Nevertheless great post on a great blog from a great man!!!! Gambatte kudasai ..

    See you on your seminar in Budapest


  2. Great post!! About time somebody said these things. You noted, “Each time they come to Japan they are promoted. This persuades them of their own value. They have no doubt. When they return home to their worshipers (no one forces the students to pay the training fee) believe their teacher is good because the “Japanese Shihan” give him a higher rank. This is a vicious circle.” And who is responsible for creating, supporting, and sustaining this “vicious circle?”


    1. The individuals who answer the question: “How long have you been training?” with anything other than: “Not long enough.” 🙂 If Budo is about taking responsibility for oneself, it begins with the answers to the simplest of questions….


  3. Have seen the same… Some people are just too full of them selves… Rather than focusing their energy on gakusei (lerning life or learning for life).
    This art has saved my life on more than one occation in more than one way… It is not a toy you can say look at how good I am at playing with my new toy… It is for life and life saving, survival in the essence and it works… A “pampers clad” youn man regardless should show respect for experience rather than believing him self wiser… I have learned that each grade makes me more humle than the previous… And believe it should be so, as Konfucious says: “The more I know, the more I know that I know nothing”.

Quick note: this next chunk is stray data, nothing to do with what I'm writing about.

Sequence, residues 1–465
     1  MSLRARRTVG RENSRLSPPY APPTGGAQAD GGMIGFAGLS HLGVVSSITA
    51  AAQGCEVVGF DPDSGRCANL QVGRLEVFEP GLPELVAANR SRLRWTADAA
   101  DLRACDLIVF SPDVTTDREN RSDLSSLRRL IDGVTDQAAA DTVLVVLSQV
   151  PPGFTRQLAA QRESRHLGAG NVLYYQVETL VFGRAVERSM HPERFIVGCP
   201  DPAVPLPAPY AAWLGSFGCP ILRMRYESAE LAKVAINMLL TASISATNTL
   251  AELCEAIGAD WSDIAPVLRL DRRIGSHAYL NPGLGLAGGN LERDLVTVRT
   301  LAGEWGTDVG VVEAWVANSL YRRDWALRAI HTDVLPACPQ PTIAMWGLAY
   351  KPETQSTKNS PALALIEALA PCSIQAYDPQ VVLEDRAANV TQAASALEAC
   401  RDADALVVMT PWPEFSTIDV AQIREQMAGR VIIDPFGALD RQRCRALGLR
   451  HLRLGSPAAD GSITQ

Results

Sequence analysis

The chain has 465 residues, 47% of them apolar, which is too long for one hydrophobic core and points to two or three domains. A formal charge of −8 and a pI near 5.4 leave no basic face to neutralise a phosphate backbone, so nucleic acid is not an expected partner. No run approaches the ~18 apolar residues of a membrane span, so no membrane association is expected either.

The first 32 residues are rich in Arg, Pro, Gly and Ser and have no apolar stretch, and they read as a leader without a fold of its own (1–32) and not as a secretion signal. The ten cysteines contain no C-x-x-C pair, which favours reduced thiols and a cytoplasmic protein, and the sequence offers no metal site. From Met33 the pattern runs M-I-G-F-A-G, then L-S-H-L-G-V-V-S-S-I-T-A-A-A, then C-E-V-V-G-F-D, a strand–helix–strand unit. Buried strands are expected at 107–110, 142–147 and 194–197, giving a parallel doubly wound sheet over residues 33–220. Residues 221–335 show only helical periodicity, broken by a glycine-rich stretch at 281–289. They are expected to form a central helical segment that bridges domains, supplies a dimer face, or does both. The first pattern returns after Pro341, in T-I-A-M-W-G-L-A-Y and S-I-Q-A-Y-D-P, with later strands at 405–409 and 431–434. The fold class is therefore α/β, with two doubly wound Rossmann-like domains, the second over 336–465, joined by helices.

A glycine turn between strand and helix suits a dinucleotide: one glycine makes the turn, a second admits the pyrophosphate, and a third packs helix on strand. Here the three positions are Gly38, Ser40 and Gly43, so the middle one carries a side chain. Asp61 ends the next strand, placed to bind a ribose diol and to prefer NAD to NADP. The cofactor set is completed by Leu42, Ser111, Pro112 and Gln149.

4. It’s really “magnifique” I like so much: “SenSAI”, hehehe. You are Great!!, my friend.
    I like to be a Gakusei, I started Judo 41 years ago and I’ve been now 24 years travelling to learn from Hatsumi Sôke (which was really when I started learn real Martial Arts). And I agree with you…, maybe many senSAI are coming, but it’s their problem, not ours.
    Thanks for your post, one more time….


  5. Great article, but those who act like “sensei teachers” won`t refer your words to them. It`s a pitty for the students because they can hardly help themselves (as I experienced). And also bad for Bujinkan, as those “sensei teacher” carry a wrong image of the Bujinkan to the public, and the Dojo.